UK helps employers with slow phase-in of job shield costs

LONDON (Reuters) – British finance minister Rishi Sunak offered fresh help to employers hit by the coronavirus shutdown on Friday, announcing that future contributions they must make to the government’s costly wage subsidy scheme will be phased in slowly.

FILE PHOTO: Britain’s Chancellor of the Exchequer Rishi Sunak attends a news conference on the ongoing situation with the coronavirus disease (COVID-19) in London, Britain, March 17, 2020. Matt Dunham/Pool via REUTERS/File Photo

In August, companies will only have to make pension and social security payments for the workers they have temporarily laid off while the government will continue to pay 80% of their wages.

Employers would then be asked to pay 10% of the wage costs in September and 20% in October, reducing some of the huge burden on the public finances but a lighter requirement than reported by media before the announcement.

Sunak also brought forward to July 1 the introduction of part-time work under the programme – a demand of businesses seeking to build up their operations gradually after the lockdown – and he extended another multi-billion-pound income support scheme for self-employed workers.

“Our top priority has always been to support people, protect jobs and businesses through this crisis,” he said.

“Now, as we begin to re-open our country and kickstart our economy, these schemes will adjust to ensure those who are able to work can do so, while remaining amongst the most generous in the world.”

Unions and employers are united in support for the programme which, while common in other European countries, represented a major shift for the ruling Conservative Party and its traditional free-market instincts when it was launched in March as the coronavirus crisis engulfed the world economy.

“The changes announced will help ensure the schemes stay effective as we begin a cautious recovery,” Carolyn Fairbairn, head of the Confederation of British Industry, said.

Len McCluskey, leader of Unite, one of Britain’s biggest trade unions, welcomed the changes too but said the government now had to provide more support for sectors hit hardest by the crisis such as aviation and hospitality.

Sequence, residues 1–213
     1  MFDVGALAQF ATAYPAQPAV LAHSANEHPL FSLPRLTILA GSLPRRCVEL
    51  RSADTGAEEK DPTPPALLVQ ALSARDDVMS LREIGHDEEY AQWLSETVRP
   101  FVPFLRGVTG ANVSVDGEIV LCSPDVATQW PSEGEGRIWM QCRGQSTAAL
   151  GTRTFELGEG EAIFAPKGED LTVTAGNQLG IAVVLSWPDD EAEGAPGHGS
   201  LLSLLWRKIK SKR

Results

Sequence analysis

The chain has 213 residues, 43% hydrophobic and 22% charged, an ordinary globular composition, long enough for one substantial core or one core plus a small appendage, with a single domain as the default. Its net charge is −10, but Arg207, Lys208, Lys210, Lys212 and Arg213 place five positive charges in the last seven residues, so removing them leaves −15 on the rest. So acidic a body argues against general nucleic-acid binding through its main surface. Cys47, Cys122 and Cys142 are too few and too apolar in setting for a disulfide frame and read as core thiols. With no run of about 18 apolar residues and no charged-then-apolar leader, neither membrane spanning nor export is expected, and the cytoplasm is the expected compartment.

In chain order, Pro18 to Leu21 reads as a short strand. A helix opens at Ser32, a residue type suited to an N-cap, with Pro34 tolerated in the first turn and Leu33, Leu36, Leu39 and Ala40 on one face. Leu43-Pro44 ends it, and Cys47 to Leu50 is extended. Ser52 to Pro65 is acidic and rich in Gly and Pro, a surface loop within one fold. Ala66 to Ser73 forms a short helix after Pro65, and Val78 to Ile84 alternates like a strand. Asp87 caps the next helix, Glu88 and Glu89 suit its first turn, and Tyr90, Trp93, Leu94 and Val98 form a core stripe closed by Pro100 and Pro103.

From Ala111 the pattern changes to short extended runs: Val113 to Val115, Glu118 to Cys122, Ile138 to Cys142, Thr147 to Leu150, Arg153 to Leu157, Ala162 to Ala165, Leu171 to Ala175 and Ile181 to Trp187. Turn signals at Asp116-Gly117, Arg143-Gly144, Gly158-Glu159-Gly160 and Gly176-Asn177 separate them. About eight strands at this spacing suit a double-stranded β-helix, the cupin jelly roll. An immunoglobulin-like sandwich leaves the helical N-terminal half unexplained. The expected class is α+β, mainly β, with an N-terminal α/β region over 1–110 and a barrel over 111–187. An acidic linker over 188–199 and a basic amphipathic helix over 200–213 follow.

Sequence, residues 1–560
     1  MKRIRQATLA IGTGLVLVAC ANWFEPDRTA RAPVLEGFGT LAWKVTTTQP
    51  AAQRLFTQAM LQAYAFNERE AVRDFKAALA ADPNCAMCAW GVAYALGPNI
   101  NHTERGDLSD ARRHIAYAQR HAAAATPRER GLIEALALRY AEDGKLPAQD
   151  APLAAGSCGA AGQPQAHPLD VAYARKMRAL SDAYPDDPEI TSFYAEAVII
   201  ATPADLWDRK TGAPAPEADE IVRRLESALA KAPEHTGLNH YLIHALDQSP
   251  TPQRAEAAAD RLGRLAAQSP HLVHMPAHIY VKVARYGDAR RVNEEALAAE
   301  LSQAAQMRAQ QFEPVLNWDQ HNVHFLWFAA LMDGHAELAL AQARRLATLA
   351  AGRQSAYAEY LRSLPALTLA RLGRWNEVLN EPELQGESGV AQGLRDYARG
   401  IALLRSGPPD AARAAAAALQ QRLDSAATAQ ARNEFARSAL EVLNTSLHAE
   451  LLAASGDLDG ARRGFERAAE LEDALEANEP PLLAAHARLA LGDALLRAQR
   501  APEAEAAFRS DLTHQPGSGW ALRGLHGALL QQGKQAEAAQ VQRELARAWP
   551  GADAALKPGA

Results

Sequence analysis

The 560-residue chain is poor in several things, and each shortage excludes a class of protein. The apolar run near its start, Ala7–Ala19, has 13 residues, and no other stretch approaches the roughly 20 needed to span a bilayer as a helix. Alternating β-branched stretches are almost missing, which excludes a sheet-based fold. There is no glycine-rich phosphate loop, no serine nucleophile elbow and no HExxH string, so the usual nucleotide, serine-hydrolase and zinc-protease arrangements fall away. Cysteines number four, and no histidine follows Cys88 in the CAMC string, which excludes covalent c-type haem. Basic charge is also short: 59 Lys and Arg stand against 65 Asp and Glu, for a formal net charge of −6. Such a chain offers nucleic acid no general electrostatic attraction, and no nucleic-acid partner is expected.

“Without such assistance, and soon, many businesses will simply shut up shop resulting in the mass unemployment the chancellor has sought to avoid these past two months,” he said.


Around 8.4 million temporarily laid off workers, or about one in three private sector employees, are covered by the Coronavirus Job Retention Scheme, which has already cost the state about 15 billion pounds ($18 billion).

It is due to expire at the end of October and Sunak said on Friday that it will close for new claims on June 30.

The Bank of England says the scheme could limit a rise in the unemployment rate to about 9%, double its most recent reading but way below an estimated 20% in the United States.

Under the plan, workers are receiving 80% of their wages up to 2,500 pounds a month.

Some employers had warned that they would not be able to pay 20% of the wage costs of their furloughed staff as soon as August – as reported by media before Friday’s announcement – raising the risk of a fresh surge in job losses.

However, Sunak says the scheme is too expensive to continue indefinitely.

FILE PHOTO: Chancellor of the Exchequer Rishi Sunak leaves Downing Street, following the outbreak of the coronavirus disease (COVID-19), London, Britain, May 4, 2020. REUTERS/John Sibley

Britain’s borrowing in April alone of over 60 billion pounds was equivalent to almost all of the previous financial year and looks set to hit 300 billion pounds this year, a towering 15% of gross domestic product.

About 2.3 million claims totalling 6.8 billion pounds have been made under the income support scheme for self-employed people.

That had been due to close on Sunday but Sunak said it would be extended and a second, slightly smaller final grant would be available from August.

Additional reporting by Andy Bruce, William James and Kate Holton; Writing by William Schomberg; Editing by Hugh Lawson and Frances Kerry

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